Kern, Kristine
    Environmental risk governance in the Baltic Sea - A comparison between five key areas: Deliverable number 82011Report (Other academic)
  • 15.
    Hassler, Björn
    et al.
    Södertörn University, School of Life Sciences, Environmental science.
    Söderström, Sara
    Södertörn University, School of Life Sciences, Environmental science.
    Leposa, Neva
    Marine oil transportations in the Baltic Sea area: Deliverable number 62010Report (Other academic)
  • 16.
    Lidberg, Maria
    Södertörn University, School of Life Sciences, Environmental science.
    Hantering av miljö- och hälsorisker i textila produktkedjor: En fallstudie av Stockholms läns landsting2011Report (Other academic)
  • 17.
    Saunders, Fred P.
    Södertörn University, School of Natural Sciences, Technology and Environmental Studies, Environmental Science.
    A Discussion of the Debates Underpinning Agri-Environmental Schemes as a form of Payment for Ecological Services2015Report (Other academic)
    Abstract [en]

    Payments for Ecological Services (PES) has rapidly emerged around the world as a key environmental governance approach. This paper is concerned with Agricultural Environmental Schemes (AES) as a particular form of PES to improve the environmental performance of agriculture particularly in relation to water quality in Sweden. Win-win descriptions prevail in AES policy discourse to describe the simultaneous achievement of environmental goals and economic outcomes for farmers. AES are underpinned by an instrumental assumption that farmer behaviour can be influenced towards adopting better environmental practice by providing monetary incentives (or at least compensation). This paper has touched on a number of contentions in the PES literature, including: doubts about how well standardised PES schemes link with local conditions; how and whether PES schemes can engender local innovation; procedural and distributive equity concerns; claims that monetary incentives may ‘crowd out’ socially derived sources of motivation (local norms); and doubts about whether PES schemes, disembedded from local institutions, can deliver ‘sufficient’ environmental behavioural change. Given the relatively recent emergence of AES schemes, it is important that we learn more from the experience of implementation. Critically oriented empirically-based research then has the capacity to work as a circuit breaker between ideologically driven arguments that side either for or against the use of market mechanisms, such as AES for environmental governance. Such insights may be useful to help focus research on farmer engagement with AES that subjects it to greater empirical scrutiny and validation.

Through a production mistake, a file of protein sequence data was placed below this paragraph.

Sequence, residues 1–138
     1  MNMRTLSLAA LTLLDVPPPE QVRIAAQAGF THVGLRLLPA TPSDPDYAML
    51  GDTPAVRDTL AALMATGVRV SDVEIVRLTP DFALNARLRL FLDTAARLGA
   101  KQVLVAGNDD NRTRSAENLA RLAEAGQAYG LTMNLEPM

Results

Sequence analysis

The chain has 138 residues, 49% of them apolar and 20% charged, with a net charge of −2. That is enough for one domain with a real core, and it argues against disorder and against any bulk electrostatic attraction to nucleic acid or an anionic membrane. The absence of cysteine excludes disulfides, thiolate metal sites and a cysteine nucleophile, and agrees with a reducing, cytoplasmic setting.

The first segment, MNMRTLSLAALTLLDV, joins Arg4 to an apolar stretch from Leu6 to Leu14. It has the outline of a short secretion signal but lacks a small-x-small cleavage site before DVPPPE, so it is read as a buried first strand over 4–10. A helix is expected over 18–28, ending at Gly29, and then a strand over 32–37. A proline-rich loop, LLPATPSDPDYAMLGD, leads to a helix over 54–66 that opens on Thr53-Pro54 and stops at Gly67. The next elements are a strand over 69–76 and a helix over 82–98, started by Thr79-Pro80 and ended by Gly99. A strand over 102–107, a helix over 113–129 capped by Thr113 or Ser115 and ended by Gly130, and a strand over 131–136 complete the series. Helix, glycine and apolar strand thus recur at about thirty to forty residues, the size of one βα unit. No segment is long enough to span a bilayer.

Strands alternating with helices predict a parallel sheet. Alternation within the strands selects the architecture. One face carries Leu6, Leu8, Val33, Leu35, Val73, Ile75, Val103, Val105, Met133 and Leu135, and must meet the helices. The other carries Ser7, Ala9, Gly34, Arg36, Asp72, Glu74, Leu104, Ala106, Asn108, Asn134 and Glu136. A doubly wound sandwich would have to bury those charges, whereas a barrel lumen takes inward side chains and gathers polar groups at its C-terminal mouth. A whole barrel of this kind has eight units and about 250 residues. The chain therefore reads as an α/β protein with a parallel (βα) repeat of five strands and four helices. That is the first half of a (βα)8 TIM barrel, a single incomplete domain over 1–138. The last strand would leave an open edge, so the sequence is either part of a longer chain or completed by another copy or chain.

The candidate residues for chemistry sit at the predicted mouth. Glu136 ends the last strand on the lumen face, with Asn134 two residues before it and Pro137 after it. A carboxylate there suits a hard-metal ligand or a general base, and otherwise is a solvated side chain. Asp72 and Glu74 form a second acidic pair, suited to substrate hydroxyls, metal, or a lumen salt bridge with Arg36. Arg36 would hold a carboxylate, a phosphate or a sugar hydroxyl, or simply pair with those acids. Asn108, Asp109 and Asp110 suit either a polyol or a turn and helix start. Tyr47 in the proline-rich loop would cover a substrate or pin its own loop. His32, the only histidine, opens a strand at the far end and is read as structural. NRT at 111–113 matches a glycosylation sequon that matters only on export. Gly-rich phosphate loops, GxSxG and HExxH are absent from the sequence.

• 18.
    Saunders, Fred P.
    et al.
    Södertörn University, School of Natural Sciences, Technology and Environmental Studies, Environmental Science.
    Gilek, Michael
    Södertörn University, School of Natural Sciences, Technology and Environmental Studies, Environmental Science.
    Gee, Kira
    Helmholtz-Zentrum Geesthacht Zentrum für Material-und Küstenforschung GmbH.
    Göke, Cordula
    Aarhus University.
    Hassler, Björn
    Södertörn University, School of Natural Sciences, Technology and Environmental Studies, Environmental Science.
    Lenninger, Paula
    Södertörn University, School of Natural Sciences, Technology and Environmental Studies, Environmental Science.
    Luttmann, Anne
    Leibniz Institute for Baltic Sea Research Warnemünde.
    Morf, Andrea
    Swedish Institute for the Marine Environment.
    Piwowarczyk, Joanna
    Institute of Oceanology of the Polish Academy of Sciences.
    Schiele, Kerstin
    Leibniz Institute for Baltic Sea Research Warnemünde.
    Stalmokaite, Igne
    Södertörn University, School of Natural Sciences, Technology and Environmental Studies, Environmental Science.
    Strand, Helena
    Swedish Institute for the Marine Environment.
    Tafon, Ralph
    Södertörn University, School of Natural Sciences, Technology and Environmental Studies, Environmental Science.
    Zaucha, Jacek